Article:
Journal of clinical oncology : official journal of the American Society of Clinical Oncology 2017 10 02() JCO2017737916 doi 10.1200/JCO.2017.73.7916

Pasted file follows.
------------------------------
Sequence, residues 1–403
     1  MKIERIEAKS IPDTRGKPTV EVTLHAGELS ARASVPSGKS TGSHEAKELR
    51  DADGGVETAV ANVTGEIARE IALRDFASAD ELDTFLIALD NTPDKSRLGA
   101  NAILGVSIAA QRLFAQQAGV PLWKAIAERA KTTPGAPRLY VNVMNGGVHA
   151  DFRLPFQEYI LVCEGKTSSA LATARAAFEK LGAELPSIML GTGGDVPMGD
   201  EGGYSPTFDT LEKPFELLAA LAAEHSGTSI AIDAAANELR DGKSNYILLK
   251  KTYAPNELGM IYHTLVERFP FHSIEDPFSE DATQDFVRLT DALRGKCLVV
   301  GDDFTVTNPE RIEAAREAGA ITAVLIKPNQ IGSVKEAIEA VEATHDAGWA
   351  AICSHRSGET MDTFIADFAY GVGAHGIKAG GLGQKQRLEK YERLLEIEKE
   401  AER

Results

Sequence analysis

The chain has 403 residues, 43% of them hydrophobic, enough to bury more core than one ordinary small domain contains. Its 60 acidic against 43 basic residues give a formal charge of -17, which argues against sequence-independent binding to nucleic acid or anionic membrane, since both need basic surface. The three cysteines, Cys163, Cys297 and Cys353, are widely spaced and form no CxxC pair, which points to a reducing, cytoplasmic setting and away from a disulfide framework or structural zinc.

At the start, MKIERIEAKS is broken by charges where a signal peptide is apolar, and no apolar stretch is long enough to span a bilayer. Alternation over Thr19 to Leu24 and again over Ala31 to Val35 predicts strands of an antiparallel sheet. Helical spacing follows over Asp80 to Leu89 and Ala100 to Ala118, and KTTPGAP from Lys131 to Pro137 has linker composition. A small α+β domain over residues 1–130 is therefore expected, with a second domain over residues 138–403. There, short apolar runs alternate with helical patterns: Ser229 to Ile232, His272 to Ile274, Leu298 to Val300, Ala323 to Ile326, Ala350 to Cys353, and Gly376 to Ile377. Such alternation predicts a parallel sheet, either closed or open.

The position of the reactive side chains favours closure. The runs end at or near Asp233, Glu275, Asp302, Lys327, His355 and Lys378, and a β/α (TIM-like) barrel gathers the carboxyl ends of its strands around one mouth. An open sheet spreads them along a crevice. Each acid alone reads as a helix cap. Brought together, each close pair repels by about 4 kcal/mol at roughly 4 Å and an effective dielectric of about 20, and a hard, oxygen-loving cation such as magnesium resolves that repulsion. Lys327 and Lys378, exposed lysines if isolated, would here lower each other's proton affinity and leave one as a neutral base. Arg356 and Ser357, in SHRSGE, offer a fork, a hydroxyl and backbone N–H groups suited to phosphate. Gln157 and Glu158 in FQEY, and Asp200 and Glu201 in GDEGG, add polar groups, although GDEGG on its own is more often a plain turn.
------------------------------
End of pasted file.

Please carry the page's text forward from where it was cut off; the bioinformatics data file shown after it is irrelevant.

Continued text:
Purpose The primary purposes of eligibility criteria are to protect the safety of trial participants and define the trial population. Excessive or overly restrictive eligibility criteria can slow trial accrual, jeopardize the generalizability of results, and limit understanding of the intervention’s benefit-risk profile. Methods ASCO, Friends of Cancer Research, and the US Food and Drug Administration examined specific eligibility criteria (ie, brain metastases, minimum age, HIV infection, and organ dysfunction and prior and concurrent malignancies) to determine whether to modify definitions to extend trials to a broader population. Working groups developed consensus recommendations based on review of evidence, consideration of the patient population, and consultation with the research community. Results Patients with treated or clinically stable brain metastases should be routinely included in trials and only excluded if there is compelling rationale. In initial dose-finding trials, pediatric-specific cohorts should be included based on strong scientific rationale for benefit. Later phase trials in diseases that span adult and pediatric populations should include patients older than age 12 years. HIV-infected patients who are healthy and have low risk of AIDS-related outcomes should be included absent specific rationale for exclusion. Renal function criteria should enable liberal creatinine clearance, unless the investigational agent involves renal excretion. Patients with prior or concurrent malignancies should be included, especially when the risk of the malignancy interfering with either safety or efficacy endpoints is very low. Conclusion To maximize generalizability of results, trial enrollment criteria should strive for inclusiveness. Rationale for excluding patients should be clearly articulated and reflect expected toxicities associated with the therapy under investigation.